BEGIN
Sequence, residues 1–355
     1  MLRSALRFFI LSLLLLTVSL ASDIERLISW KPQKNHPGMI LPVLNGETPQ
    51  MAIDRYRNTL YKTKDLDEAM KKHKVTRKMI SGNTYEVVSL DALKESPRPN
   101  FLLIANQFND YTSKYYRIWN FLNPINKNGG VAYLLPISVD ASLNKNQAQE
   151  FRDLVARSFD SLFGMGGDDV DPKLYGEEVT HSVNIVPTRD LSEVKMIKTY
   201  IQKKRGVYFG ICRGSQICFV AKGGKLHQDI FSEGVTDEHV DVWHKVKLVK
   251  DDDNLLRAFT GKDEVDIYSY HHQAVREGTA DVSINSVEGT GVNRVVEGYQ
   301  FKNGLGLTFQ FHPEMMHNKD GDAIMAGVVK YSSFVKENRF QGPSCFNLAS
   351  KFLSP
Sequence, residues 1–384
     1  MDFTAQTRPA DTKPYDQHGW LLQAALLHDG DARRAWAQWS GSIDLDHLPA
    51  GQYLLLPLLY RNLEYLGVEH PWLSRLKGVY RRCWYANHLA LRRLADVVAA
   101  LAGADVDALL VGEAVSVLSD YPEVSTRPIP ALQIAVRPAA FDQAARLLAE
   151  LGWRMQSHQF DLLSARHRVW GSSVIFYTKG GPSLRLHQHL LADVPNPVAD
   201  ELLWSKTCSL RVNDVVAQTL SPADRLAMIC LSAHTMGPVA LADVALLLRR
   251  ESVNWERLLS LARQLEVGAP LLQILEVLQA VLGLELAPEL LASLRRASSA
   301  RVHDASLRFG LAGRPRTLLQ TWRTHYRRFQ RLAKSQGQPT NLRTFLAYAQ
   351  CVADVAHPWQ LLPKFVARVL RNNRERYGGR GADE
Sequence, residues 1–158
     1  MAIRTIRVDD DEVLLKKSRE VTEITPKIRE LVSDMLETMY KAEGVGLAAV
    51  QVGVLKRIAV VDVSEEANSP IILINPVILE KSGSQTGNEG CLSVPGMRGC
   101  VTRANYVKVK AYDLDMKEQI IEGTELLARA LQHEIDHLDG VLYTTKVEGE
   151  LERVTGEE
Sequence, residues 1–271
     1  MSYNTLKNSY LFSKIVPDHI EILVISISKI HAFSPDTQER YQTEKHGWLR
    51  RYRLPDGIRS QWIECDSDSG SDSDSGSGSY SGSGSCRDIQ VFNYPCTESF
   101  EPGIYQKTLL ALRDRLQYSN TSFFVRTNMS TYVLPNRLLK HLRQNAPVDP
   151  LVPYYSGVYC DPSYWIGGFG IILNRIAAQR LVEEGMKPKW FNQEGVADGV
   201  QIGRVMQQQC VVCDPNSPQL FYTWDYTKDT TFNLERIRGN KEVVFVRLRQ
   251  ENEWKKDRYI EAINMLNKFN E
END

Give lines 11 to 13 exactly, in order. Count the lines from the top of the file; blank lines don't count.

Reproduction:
     1  MDFTAQTRPA DTKPYDQHGW LLQAALLHDG DARRAWAQWS GSIDLDHLPA
    51  GQYLLLPLLY RNLEYLGVEH PWLSRLKGVY RRCWYANHLA LRRLADVVAA
   101  LAGADVDALL VGEAVSVLSD YPEVSTRPIP ALQIAVRPAA FDQAARLLAE